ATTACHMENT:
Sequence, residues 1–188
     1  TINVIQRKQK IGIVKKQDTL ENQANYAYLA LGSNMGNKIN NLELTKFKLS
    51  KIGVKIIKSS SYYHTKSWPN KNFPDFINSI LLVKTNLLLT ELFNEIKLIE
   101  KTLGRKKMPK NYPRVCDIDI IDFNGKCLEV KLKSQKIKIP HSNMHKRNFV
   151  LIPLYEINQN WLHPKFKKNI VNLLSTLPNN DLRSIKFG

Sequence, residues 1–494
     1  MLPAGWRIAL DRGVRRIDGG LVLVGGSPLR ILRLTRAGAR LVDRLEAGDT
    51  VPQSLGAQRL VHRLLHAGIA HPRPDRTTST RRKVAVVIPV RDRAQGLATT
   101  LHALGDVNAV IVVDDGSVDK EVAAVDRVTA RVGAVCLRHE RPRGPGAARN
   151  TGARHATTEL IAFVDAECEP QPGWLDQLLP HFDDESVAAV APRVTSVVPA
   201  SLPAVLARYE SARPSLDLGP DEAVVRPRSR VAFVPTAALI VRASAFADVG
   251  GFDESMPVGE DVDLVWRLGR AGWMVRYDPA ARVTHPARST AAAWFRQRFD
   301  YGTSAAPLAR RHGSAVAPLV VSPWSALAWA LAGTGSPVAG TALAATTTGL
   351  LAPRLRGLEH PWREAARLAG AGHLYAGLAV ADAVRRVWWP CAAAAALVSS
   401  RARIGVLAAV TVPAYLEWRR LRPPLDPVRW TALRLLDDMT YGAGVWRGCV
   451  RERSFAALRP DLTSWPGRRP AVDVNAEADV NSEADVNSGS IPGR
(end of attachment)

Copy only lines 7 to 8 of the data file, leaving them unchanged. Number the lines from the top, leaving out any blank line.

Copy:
     1  MLPAGWRIAL DRGVRRIDGG LVLVGGSPLR ILRLTRAGAR LVDRLEAGDT
    51  VPQSLGAQRL VHRLLHAGIA HPRPDRTTST RRKVAVVIPV RDRAQGLATT